Thanks, Phil Weisman, for this gem.
Archive for the ‘black and white’ Category
I probably give this cd away more often than any other Willie Nelson album. It’s such a great collection. But now, I am sharing copies of “Band of Brothers” cd. I love that album! And everyone who hears it loves it too. It is pure Willie Nelson.
1. ‘Bring It On’
2. ‘Guitar in the Corner’
3. ‘The Wall’
4. ‘Whenever You Come Around’
5. ‘Wives and Girlfriends’
6. ‘I Thought I Left You’
7. ‘Send Me a Picture’
8. ‘Used to Her’
9. ‘The Git Go’
10. ‘Band of Brothers’
11. ‘Hard to Be an Outlaw’
12. ‘Crazy Like Me’
13. ‘The Songwriters’
14. ‘I’ve Got a Lot of Traveling to Do’
photo by: Alan Henrichsmeyer
by: William Michael Smith
Willie Nelson’s Conroe buddy Larry Butler was not only a performer, he also ran a series of clubs in the area over the past 50 years, including Willie Nelson’s Night Life on FM 1960 during Willie’s IRS problem years.
And while Butler has some fond memories of IRS agents hanging around Willie’s Night Life gigs waiting to garnish the singer’s pay, he thinks maybe one of the most exciting — and trying — times he had in the club business was when he owned a joint on Highway 105 in Cut and Shoot called Pat’s Longhorn Ballroom.
Along with Vidor, Cut and Shoot and nearby Conroe were long known as strong East Texas redoubts of the Ku Klux Klan and the segregationist movement. Cut and Shoot was also notorious for its “Hanging Bridge.”
“Willie calls me and says he’s got this guy who’s been doing some shows with him who’s great and that I need to book him,” says Butler. “Willie and I both had this love for Hank Williams and, according to Willie, this fellow was as good at doing a Hank Williams song as anyone he’d ever seen.
This fellow was Charley Pride and, Butler says, “finally, Willie got around to telling me that Charley was a black man.”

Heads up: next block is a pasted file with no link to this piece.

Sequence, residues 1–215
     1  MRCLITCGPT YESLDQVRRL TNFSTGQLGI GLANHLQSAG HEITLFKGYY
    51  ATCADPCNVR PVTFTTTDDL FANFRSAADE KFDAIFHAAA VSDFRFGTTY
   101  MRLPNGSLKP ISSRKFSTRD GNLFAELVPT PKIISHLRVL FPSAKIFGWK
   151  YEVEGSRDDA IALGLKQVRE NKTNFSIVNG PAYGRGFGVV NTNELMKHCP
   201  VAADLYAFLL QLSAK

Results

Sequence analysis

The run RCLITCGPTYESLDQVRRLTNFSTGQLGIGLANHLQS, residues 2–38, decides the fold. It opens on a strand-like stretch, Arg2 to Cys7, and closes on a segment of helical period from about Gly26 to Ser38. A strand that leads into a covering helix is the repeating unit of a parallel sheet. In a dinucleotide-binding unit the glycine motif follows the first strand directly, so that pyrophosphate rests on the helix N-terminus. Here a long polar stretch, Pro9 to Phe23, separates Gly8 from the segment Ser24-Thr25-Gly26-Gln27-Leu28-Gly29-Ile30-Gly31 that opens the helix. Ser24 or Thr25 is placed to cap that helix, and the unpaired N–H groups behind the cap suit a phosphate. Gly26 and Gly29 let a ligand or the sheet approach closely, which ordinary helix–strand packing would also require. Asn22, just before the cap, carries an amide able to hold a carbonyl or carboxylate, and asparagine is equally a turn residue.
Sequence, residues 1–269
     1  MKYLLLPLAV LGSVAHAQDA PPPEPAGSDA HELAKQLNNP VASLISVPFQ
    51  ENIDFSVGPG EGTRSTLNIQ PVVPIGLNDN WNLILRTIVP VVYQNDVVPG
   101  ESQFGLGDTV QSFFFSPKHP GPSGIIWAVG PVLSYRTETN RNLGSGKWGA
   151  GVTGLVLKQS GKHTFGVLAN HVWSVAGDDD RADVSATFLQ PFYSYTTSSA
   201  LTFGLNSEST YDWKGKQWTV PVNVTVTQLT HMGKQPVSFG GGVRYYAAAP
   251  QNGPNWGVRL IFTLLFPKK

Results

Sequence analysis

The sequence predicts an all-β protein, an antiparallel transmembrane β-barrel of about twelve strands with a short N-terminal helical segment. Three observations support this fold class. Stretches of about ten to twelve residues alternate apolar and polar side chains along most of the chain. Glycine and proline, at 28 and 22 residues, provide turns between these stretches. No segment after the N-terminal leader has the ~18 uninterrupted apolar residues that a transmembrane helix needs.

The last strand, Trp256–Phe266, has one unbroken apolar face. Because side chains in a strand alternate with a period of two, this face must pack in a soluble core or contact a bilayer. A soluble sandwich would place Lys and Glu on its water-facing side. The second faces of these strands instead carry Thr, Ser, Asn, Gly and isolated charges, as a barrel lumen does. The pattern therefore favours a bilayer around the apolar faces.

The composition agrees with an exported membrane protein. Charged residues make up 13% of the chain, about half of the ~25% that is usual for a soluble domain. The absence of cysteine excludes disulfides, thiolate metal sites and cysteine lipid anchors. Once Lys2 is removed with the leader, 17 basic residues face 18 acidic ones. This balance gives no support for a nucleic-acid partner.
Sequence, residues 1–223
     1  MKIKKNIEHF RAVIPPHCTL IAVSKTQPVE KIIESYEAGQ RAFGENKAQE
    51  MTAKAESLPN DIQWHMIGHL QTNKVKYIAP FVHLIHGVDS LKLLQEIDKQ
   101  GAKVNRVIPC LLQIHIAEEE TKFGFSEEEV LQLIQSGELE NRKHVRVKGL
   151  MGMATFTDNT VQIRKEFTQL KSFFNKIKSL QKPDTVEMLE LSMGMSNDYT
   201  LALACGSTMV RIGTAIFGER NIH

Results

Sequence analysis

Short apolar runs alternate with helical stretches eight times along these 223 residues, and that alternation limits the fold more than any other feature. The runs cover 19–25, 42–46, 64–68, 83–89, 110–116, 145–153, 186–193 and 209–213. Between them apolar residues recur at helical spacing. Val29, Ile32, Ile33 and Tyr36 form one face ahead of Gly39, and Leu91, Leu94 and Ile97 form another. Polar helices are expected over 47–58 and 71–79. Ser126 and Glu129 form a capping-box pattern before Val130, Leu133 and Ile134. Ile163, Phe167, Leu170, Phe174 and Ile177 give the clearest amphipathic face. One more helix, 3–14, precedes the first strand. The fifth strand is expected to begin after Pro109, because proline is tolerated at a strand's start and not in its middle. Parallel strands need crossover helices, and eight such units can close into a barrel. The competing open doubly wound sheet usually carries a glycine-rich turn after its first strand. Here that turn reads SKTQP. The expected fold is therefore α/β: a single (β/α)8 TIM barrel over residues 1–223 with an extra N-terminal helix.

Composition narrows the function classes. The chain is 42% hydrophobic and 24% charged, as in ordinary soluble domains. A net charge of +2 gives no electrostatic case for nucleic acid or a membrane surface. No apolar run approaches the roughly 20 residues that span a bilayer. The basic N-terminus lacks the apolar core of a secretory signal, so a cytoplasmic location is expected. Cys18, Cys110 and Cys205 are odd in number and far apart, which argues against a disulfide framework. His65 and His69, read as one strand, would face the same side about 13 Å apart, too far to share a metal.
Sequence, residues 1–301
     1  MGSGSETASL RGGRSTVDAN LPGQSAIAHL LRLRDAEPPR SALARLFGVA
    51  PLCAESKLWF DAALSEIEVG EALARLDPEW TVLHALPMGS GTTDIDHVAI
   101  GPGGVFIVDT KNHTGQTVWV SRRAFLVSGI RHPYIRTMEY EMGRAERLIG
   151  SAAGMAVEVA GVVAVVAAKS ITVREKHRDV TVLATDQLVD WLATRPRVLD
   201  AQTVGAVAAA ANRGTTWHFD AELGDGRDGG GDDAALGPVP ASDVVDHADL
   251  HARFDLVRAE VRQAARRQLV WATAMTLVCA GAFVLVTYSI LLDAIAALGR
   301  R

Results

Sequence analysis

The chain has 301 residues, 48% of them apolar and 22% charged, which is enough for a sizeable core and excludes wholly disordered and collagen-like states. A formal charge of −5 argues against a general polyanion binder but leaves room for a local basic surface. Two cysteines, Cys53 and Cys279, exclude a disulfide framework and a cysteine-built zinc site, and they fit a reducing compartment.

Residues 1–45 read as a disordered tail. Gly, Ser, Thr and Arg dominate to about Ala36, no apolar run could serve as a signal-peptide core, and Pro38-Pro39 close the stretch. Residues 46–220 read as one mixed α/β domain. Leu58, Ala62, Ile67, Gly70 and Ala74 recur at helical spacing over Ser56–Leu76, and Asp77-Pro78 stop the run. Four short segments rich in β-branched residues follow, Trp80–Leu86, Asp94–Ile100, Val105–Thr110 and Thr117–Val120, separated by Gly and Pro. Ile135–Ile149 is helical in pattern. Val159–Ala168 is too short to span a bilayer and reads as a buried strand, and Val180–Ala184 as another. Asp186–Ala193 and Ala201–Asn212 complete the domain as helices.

Butler told Nelson he must be crazy to think he could book an African-American into Pat’s Longhorn.
“But Willie kept telling me ‘this guy is going to be huge, Larry, and you’re going to love him.’ So Pat [Butler's wife] and I talked it over and decided to try it.”
“It wasn’t long before word got out that we’d scheduled a black singer at the club, and all hell broke loose,” recalls Butler. “I got death threats, people saying they were going to burn the club down, just all kinds of crazy stuff.
“Mind you, country music was 100 percent white in those days, and this was before Charley’s label put out any promotional photos or anything like that. So even though he’d already had a little radio success, no one really knew what Charley Pride looked like.
“I was so worried about the deal that I hired the Chief of Police and three deputies to work security that night. We also had seven Liquor Control Board agents come in to help us. So when Charley got there, they took him around to the back and got him safely inside.
“But the crowd was rowdy and hollering, acting up, and I honestly didn’t know what was going to happen. I had the Liquor Board agents and the policemen line up in front of the stage between Charley and the crowd.”